A Breton Finn, another one Swedish. A Czech Breton, another one Swedish. A Swedish American, a Japanese American, an English Icelander, a Karelian Finn, a Belgian Swede, etc. Is the Nordic Harp Meeting the rendez-vous of travellers? One can find there those who are looking for something, and having found it one day want to share their discovery. Many things here seem to come from the past – the origins of instruments such as harp, lyre, hummel, langspil, and all the instruments which all of a sudden gave an authentic aspect in a present too rushed – but, in Järna, we are in the present.
Firewood for heating, sleeping mats on the floor, only one shower for all of the community, we almost forget that there is no Wifi in the Steiner school of Solvik, by the little town of Järna, south of Stockholm. In a scenery stunning by its forms – it looks like a Tim Burton movie – around fifty people gather with a passion for Nordic string instruments, during an extended week-end.
And as in a Tim Burton movie, clocks stop, giving time to find something. To find our origins maybe? Andy Lowings (Lyre of Ur) and Bo Lawergren (angular harps) bring life to antique instruments; Marit Steinsrud and Stein Villa tell us of the Norwegian Langeleik; Kate Fletcher and Corwen Broch share an English traditional musical repertoire almost forgotten today. Time maybe to make peace with our body through a physiotherapy session with Lise Enochsson; a harp-therapy session with Anouk Platenkamp or Harp music therapy in neonatal care with Mark Harmer? Time to find new or early music; ancient or modern techniques?
A simple movie’s script would impose that the actors should have precisely defined roles. The reality is different here. Each participant brought treasures of knowledge mixing the roles in between us: the teacher of a workshop becomes the student in another one. The tempo is fast. There are so many things to talk about: lectures, workshops, concerts, allspel (sessions), etc. all of this in only three days.
What a strange symphony performed together with harps (Celtic, Nordic, historical or modern), lyres (pentatonic or chromatic), guitars, langspil and other instruments which we even don’t know the names of. The score seems improvised but, like in any good group improvisation, it’s all prepared. This year Erik Ask-Upmark is the conductor as well as the one-man-band since he’s also harper, piper, singer, pianist, organiser, what else?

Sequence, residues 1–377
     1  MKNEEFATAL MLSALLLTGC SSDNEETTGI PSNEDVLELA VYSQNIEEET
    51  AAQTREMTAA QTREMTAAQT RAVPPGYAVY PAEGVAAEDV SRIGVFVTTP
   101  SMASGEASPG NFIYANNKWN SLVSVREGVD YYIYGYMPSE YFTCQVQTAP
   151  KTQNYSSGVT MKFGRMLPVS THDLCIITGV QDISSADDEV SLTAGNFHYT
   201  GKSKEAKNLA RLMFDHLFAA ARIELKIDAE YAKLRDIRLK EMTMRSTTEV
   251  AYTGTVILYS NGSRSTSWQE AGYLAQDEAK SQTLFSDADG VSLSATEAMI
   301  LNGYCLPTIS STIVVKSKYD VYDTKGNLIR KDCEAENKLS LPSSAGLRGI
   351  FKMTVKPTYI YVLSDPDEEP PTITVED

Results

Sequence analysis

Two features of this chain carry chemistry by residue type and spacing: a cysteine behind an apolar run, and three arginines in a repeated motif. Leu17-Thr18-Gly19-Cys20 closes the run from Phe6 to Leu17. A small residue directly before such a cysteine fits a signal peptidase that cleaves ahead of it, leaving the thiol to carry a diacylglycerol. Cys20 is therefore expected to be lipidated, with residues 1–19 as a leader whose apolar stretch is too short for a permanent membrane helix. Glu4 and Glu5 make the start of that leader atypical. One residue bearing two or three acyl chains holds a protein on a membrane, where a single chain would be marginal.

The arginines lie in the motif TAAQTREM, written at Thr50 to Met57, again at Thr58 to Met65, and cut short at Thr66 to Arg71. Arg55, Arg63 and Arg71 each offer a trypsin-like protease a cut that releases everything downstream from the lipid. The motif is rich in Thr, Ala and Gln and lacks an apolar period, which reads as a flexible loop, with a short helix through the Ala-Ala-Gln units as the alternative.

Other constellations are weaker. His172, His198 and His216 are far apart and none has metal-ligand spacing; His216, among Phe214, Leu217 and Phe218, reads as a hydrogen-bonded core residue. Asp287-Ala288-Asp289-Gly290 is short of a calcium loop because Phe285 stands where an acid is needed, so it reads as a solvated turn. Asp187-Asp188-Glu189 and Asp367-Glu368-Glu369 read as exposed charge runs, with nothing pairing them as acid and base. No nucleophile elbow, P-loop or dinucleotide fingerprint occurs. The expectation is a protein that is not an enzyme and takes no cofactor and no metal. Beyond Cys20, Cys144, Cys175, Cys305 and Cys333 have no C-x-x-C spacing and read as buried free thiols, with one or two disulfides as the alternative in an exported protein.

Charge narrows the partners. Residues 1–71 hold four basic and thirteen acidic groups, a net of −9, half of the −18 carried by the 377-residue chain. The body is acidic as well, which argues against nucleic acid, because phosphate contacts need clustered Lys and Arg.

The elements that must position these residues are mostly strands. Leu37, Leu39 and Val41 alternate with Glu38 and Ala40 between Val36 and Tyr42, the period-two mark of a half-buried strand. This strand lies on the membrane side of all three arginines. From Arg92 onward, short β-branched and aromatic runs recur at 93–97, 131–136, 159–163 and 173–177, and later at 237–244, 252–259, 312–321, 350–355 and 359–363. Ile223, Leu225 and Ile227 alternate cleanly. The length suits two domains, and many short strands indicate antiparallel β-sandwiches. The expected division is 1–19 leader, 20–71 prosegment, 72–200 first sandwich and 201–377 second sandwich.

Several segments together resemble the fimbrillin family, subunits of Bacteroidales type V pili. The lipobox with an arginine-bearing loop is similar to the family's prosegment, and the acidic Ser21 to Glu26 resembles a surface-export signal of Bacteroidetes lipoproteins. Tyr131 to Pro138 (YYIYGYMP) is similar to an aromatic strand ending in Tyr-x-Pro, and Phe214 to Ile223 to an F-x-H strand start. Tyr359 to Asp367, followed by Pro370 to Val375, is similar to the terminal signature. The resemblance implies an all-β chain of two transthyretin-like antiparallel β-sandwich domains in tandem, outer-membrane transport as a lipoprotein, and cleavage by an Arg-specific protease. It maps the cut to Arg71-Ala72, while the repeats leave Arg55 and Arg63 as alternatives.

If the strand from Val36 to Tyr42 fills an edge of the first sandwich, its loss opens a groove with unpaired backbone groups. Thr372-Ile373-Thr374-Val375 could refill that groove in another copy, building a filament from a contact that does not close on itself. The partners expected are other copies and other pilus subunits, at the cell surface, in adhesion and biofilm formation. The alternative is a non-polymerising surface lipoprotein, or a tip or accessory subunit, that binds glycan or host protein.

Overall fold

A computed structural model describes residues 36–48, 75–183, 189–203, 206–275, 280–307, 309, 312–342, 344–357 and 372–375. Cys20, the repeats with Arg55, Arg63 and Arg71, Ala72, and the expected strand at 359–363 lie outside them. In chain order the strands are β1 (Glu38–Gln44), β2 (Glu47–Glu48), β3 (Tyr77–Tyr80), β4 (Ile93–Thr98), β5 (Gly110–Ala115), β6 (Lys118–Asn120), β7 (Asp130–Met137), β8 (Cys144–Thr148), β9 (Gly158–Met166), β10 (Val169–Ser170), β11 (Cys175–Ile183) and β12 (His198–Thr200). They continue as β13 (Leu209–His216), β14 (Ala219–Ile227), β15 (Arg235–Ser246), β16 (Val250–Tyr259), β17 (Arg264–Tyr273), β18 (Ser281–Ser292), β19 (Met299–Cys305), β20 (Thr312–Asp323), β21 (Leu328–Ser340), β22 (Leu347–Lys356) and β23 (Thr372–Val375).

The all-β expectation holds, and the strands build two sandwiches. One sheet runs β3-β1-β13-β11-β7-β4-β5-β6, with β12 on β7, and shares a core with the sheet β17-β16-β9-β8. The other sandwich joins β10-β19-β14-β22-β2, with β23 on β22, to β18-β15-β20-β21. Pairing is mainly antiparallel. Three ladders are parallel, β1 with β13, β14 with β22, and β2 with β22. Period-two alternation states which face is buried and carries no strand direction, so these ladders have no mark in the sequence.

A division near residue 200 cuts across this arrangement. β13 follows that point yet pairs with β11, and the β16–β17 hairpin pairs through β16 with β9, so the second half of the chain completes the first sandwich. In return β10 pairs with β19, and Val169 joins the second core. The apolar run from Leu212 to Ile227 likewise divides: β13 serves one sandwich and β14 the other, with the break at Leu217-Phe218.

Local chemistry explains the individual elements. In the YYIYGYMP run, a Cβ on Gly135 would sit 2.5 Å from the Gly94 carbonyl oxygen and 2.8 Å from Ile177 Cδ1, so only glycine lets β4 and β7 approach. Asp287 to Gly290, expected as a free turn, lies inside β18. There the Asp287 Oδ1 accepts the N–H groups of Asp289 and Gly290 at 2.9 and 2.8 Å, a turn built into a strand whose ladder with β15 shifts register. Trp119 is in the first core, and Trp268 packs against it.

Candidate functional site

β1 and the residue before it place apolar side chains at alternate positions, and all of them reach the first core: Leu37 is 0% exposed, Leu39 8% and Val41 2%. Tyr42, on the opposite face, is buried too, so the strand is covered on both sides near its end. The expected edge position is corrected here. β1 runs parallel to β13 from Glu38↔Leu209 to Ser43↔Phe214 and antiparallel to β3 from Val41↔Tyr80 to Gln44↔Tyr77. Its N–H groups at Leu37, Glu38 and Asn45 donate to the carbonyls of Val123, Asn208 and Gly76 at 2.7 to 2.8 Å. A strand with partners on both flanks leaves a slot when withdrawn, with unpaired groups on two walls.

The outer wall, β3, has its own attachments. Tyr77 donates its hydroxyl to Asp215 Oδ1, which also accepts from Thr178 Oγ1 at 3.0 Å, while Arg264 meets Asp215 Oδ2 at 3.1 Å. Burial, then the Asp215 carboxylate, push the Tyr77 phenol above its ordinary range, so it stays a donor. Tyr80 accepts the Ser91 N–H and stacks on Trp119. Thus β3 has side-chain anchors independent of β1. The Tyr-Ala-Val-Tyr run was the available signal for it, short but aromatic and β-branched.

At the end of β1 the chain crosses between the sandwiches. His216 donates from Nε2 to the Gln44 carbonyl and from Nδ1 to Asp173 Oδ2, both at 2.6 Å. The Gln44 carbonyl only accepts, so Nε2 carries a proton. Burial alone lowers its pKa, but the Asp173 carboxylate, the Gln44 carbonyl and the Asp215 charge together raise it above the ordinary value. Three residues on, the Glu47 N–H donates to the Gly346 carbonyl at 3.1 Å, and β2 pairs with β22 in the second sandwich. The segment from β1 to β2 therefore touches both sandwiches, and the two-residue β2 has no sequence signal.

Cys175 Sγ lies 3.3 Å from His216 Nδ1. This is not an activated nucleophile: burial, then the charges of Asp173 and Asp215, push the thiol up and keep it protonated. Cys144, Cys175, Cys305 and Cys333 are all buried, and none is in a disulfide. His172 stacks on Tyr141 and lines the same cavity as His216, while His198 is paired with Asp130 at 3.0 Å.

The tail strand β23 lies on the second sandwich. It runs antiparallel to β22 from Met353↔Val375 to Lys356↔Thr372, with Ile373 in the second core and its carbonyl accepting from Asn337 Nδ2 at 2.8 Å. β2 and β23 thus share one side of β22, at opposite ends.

And as in all traditions, music calls us to dance. In this game, each one becomes the ambassador of another culture: the Czechs Josef Berger and Mikuláš Bryan brought from their trip some dances collected in Brittany, whereas the breton Vincent Michaud and the Russian Katja Nyuppieva show their skills in step dancing. On the Icelandic steps of the Vikivaki (or Sagnadans) lead by Bára Grímsdóttir, Chris Foster sings an English ballad. The tempo is getting faster and we quickly have to get used to the diversity shared together. Between two polskas, we surprise ourselves in dancing a waltz performed on the piano of the school. After listening to the surprising electro sound that one can get by the amplification of the five-stringed kantele, who can say that this instrument is limited?
Despite being exhausted by the intense program of the Meeting, the good atmosphere is still going on. Our excellent chef Juhanni prepares the energetic meals while some other people start singing while doing the dishes. Nobody complains about the lack of alcohol within the school replaced by a typical Swedish fika (cakes, coffe, the and other fruit juices) served till late in the evening by the pupils of the school in order to collect fund for their projects. Like the instruments present, everything goes alongside.
After a last musical sharing, the Meeting of Järna was closed with the terrible surströmming’s scents. Everybody is back home somewhere in the world, a world wider but also more familiar now. All have a date in mind, for the next Meeting will be in Gjøvik, in Norway.